The hemicube algorithm renders the scene to 5 sides of a half-cube, from the perspective of each polygon.

Assume you place the hemicube around me and render to the 5 sides. The idea is, we can see exactly how much of each other polygon in the scene I see, and so determine the amount of light I receive from those respective polygons.


The way I did this before was using DWORD colors, and assign a different (integer) color to each poly, called its id. This allows for 16M colors using DWORDS. It worked fine with the fixed function pipeline, because I was able to choose D3DDECLTYPE_D3DCOLOR in the vertex declaration, render to texture, and tally up the polygon coverage counts.

Now that I've switched over to shaders, I can't seem to make DWORD colors work anymore. All that works is 3x 32-bit float-type colors (I am using Cg, so float4's.)

Is there a way to force D3D9 or D3D11 to use integer colors in a shader, and if not, how can I guarantee the colors I choose as "ids" for the respective polygons will end up being distinct colors in the texture I render to?

  • 1
    \$\begingroup\$ At the end its just bytes, you can convert and pack any data you want. \$\endgroup\$ Jul 25 '11 at 20:45
  • 1
    \$\begingroup\$ For instance in an 24 bit rgb value, 8 bit each component, you can store 2^24 numbers, that range should be high enough for the IDs \$\endgroup\$ Jul 25 '11 at 20:56

You can simply take your integer vertex colors and divide by 255.0 them prior to sending them to the shader. I was wary of doing this when I posted the question, because I was afraid that floating point error would cause this to be inaccurate.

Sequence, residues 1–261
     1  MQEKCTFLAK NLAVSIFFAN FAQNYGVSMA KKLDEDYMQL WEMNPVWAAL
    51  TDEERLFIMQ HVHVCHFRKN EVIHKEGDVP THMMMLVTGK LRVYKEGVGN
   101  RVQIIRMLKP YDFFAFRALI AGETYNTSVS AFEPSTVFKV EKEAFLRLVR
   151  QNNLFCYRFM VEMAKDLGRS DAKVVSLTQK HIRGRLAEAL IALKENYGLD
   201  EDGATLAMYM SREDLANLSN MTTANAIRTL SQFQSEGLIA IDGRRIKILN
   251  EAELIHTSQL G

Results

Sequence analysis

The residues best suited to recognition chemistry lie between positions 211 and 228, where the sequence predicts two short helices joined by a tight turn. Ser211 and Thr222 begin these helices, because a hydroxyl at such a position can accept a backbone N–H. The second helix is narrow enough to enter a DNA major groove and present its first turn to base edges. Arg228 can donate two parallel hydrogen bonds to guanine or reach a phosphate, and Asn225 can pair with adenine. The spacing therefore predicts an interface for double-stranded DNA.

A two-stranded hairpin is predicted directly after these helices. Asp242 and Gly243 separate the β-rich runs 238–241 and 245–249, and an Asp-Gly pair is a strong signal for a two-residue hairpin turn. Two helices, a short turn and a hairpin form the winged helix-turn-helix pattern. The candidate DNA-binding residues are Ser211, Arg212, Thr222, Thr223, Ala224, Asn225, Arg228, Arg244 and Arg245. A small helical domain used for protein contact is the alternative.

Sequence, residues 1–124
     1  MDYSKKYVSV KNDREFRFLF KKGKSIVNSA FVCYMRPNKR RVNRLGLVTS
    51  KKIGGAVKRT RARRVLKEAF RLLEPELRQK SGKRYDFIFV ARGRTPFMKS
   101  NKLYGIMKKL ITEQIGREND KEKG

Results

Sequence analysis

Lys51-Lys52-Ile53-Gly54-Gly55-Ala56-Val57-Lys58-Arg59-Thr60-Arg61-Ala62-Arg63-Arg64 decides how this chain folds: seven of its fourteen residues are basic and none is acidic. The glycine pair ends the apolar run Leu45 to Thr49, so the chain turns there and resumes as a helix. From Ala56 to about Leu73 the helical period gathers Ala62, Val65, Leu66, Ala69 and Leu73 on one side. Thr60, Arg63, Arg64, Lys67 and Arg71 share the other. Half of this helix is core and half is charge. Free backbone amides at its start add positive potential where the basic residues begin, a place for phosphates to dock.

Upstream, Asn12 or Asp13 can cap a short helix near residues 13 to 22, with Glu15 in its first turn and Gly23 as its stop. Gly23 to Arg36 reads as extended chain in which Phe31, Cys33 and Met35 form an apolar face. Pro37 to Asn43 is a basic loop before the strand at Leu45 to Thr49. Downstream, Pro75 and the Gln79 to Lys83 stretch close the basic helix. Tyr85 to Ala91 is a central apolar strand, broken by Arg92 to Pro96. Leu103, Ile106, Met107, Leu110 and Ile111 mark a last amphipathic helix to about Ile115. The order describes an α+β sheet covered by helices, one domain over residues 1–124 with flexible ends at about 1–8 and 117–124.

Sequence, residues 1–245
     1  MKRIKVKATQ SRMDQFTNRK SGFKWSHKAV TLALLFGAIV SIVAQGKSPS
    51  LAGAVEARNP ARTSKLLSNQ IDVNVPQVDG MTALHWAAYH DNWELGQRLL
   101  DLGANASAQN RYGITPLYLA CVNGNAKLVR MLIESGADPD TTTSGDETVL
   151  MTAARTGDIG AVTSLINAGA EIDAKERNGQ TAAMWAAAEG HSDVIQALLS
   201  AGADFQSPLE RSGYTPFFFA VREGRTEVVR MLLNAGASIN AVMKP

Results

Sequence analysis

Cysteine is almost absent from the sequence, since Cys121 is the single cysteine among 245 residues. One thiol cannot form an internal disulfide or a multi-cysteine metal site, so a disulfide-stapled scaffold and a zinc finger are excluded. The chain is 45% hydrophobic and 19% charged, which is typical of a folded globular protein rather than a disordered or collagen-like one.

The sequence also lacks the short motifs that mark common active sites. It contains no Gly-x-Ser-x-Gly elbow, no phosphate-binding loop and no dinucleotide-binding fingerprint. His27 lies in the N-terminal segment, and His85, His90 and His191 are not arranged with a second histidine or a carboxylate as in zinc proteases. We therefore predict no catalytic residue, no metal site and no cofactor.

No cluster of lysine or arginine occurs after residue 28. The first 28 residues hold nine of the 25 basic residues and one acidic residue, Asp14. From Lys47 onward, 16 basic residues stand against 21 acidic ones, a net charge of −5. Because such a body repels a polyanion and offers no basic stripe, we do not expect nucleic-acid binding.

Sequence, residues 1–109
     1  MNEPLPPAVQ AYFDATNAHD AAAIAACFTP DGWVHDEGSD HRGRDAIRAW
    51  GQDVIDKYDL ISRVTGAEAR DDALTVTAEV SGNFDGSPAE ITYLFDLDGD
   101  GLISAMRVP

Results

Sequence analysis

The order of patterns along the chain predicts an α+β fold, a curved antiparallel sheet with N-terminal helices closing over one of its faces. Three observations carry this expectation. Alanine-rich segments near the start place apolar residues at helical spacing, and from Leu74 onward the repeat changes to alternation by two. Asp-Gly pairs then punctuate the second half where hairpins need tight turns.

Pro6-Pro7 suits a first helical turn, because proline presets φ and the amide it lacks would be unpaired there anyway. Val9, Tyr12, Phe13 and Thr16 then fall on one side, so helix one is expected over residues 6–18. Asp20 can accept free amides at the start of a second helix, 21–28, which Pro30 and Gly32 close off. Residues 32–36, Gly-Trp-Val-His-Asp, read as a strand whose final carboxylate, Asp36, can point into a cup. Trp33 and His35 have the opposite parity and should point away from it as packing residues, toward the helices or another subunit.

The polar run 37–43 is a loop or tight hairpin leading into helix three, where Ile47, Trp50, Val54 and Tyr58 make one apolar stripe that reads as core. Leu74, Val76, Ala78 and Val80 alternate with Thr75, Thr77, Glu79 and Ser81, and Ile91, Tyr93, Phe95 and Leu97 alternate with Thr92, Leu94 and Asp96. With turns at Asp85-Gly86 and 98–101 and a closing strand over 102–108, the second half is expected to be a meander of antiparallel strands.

But as you can see from Photoshop / point sampling the circle below, the colors smoothly show transitions from 0->255, without skipping a value.

256 colors

Because the end result is you have to export a float4 for color from your pixel shader anyway.

So again the 2 options are:

  • Convert your RGB_DWORD( 0->255,0->255,0->255 ) colors to rgb_float( 0.0->1.0, 0.0->1.0, 0.0->1.0 ) colors prior to sending colors to the shader (recommended, since it eliminates a needless DWORD->float4 conversion in the vertex shader)
  • Use DXGI_FORMAT_R32_UINT in your vertex layout for the color component (DXGI_FORMAT_R8G8B8A8_UINT doesn't work for some reason), send RGB_DWORD( 0->255,0->255,0->255 ) colors, and bitshift/divide by 255.0 in the shader code (arguably less efficient than simply passing rgb_float( 0.0->1.0, 0.0->1.0, 0.0->1.0 ) colors to the shader.

Your Answer

By clicking “Post Your Answer”, you agree to our terms of service, privacy policy and cookie policy

Not the answer you're looking for? Browse other questions tagged or ask your own question.